Many kids claim to have heart, but one Phenix city girl can now say she has a new one.
Miranda Spurlin, 14, has been in and out of hospitals since an undiagnosed congenital heart abnormality caused her to collapse Dec. 22 in her Phenix City home. After months of waiting, she received a heart transplant Wednesday morning at Benjamin Russell Hospital for Children in Birmingham, Ala.
After her collapse she was taken to Jack Hughston Memorial then to Midtown Medical Center in Columbus and Egleston Children's Hospital in Atlanta, where she flat-lined. A pacemaker was placed and she was then moved to Birmingham to wait for a this day, the day she could get a transplant.
“She’s been a trooper,” said said Janet Winkles, mother of one of Miranda’s close friends. “For a 14-year-old to have gone through this—it’s unbelievable.”
Spurlin went into surgery at 9 a.m. and left around 2 p.m.
At the vigil, friends said that though she will be in the hospital for another six to eight weeks, any major issues with the transplant would have shown early on.
Friends of the family gathered at the Phenix City Amphitheater Wednesday to hold a celebratory prayor vigil.
“This is for anybody who would like to pray and thank God for a heart, because that’s what we’ve been praying for,” said Janet Winkles, mother of one of Miranda’s close friends.
Winkles said there is so much to be grateful for, from the heart, to that the accident happened how it did. Spurlin has had the heart condition undiagnosed since birth “It was just a blessing she made it this far.”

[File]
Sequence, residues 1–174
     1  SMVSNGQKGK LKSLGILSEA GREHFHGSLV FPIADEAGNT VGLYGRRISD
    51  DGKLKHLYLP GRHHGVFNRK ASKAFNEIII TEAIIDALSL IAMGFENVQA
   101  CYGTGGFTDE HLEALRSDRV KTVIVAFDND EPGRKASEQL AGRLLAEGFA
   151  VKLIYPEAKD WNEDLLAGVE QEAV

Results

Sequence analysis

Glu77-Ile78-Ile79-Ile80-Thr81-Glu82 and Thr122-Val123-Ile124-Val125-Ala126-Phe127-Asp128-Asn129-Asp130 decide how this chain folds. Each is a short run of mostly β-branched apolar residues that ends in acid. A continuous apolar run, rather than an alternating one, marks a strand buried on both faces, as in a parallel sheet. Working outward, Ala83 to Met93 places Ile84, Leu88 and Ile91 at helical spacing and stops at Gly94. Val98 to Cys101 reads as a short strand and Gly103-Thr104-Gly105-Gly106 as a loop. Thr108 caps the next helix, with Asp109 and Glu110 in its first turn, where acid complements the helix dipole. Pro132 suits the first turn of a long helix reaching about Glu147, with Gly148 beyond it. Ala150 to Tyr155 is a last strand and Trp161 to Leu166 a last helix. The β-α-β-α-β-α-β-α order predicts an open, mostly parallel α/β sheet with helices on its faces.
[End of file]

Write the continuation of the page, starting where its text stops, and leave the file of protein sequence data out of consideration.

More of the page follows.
Winkles has been spearheading fundraisers Spurlin was diagnosed. In February, she partnered with a Phenix City Chick-fil-A to have 20 percent of all sales mentioning Spurlin go to the family. Winkles said Chick-fil-A had 2,500 orders that day and donated 20 percent of all of them, netting $4,000 for the Spurlins.
Winkles also had a fundraiser where supporters stood at the roadside and campaigned also raised $4,000. Through the sale of shirts and bracelets, "A Heart for Miranda," a Facebook page and American Mothers on a Mission page, had managed to raise about $2,000 in February.
Winkles said there is one more benefit for Spurlin on Saturday at the Cebtral Activity Center where they will sell barbecue and have a silent auction.
“The father is now out of paid time off,” Winkles explained, “the money we’re raising is his salary until he can go back to work.”
Winkles, who works in insurance, said they are not trying to raise money for medical bills because for such an extended hospital stay, and for such a complicated procedure, the cost would be too high.
Pastor Brian Turner, of Grace Community Church read from the book of Isaiah and lead the group in prayer.
As the group prepared to disperse, a phone rang. Penelope Spurlin, Miranda's stepmother who was with her at the hospital, said on speakerphone, “she’s going to get better.”